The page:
What Is an ERP Inventory Management System? [2024 Software Guide]

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Accurate order fulfillment isn’t enough to set yourself apart from the competition. 41% of customers blame retailers for late deliveries. So, whether your business relies on a third party or an in-house team for delivery, your brand is responsible for making sure customers receive their orders on time. Implementing and optimizing an ERP inventory management solution can help your business optimize inventory levels, boost warehousing efficiency, and improve last mile delivery.

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What Is ERP Inventory Management?

Enterprise resource planning (ERP) refers to the process of integrating and centralizing a variety of key business processes and tools. The goal behind this integration and centralization is to provide a holistic approach to business, where one workflow informs another. For example, organizations that integrate their forecasting and ordering workflows streamline how they maintain inventory levels.

The acronym also describes the types of software that facilitate this process by combining the workflows and tools businesses use to keep operations running. ERP inventory management systems act as a central platform that houses all of the tools businesses need to manage their inventory. Housing all of the tools together in one platform makes everything easier to access, saving managers time.

Some common ERP inventory management system functions include:

  • Product tracking
  • Barcoding and tagging
  • Supply chain management
  • Logistics planning
  • Reporting
  • Inventory forecasting

How an ERP Inventory Management System Can Benefit Ecommerce Companies

There are many benefits of ERP inventory management, including integrating key functions, centralizing data, and helping you scale business operations with ease.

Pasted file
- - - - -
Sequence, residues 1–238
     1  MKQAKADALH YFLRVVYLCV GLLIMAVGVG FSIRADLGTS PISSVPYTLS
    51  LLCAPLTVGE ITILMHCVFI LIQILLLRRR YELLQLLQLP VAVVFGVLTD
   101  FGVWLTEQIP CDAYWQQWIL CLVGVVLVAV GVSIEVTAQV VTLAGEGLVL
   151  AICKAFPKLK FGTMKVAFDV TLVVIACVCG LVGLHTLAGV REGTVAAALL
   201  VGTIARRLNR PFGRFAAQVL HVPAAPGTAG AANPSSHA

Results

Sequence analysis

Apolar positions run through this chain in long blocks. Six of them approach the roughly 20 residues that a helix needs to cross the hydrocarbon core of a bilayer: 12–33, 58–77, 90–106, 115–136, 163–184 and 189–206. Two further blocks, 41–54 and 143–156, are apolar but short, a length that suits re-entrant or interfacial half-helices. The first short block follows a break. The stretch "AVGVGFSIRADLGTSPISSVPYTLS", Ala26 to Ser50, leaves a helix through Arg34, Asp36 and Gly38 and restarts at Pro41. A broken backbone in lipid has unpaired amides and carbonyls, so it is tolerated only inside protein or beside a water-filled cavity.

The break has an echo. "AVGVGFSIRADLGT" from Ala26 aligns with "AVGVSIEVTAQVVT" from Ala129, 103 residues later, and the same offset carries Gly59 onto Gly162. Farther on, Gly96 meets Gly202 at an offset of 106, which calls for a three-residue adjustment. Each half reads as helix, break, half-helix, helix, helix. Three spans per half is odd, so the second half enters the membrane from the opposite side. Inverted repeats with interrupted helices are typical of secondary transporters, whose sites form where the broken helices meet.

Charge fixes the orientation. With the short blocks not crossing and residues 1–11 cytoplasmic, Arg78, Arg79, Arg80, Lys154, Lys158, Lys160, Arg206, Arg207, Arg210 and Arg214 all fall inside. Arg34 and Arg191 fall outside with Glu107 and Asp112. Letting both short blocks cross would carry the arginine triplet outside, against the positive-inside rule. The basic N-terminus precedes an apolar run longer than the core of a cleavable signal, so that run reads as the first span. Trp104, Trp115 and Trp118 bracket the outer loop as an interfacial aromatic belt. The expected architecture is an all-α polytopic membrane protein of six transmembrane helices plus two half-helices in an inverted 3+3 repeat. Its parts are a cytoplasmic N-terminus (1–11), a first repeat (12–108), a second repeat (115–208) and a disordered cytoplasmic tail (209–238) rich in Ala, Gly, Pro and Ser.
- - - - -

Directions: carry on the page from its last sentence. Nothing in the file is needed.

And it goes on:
Integrate supply chain and logistics functions

ERP inventory management systems integrate two vital functions: supply chain management and logistics planning. These terms are so closely linked that they’re often used interchangeably. However, they are two distinct practices—and they rely on each other to be effective. Supply chain management describes how businesses oversee the inventory lifecycle, beginning with creating products from raw materials and ending when customers receive their orders. Logistics is the process that coordinates the movement of raw materials, finished products, and information within the supply chain. So, while the two processes might be different, keeping them siloed doesn’t make sense, which makes the centralization and data-sharing capabilities of an ERP vital for retailers.

This integration is particularly important for efficient order fulfillment, which can have a drastic impact on how customers perceive your brand. To complete orders, organizations need to effectively coordinate deliveries. But without information about the supply chain as a whole, the process of coordinating the logistics of last mile delivery is impossible to do accurately. For example, let’s say a customer orders a custom piece of jewelry from an online jeweler. To provide an accurate delivery timeline to the customer, planners need to know details about the entire supply chain. This includes such information as what materials the manufacturer will need to order and how long it will take to create the jewelry.

Access more data and improved analytics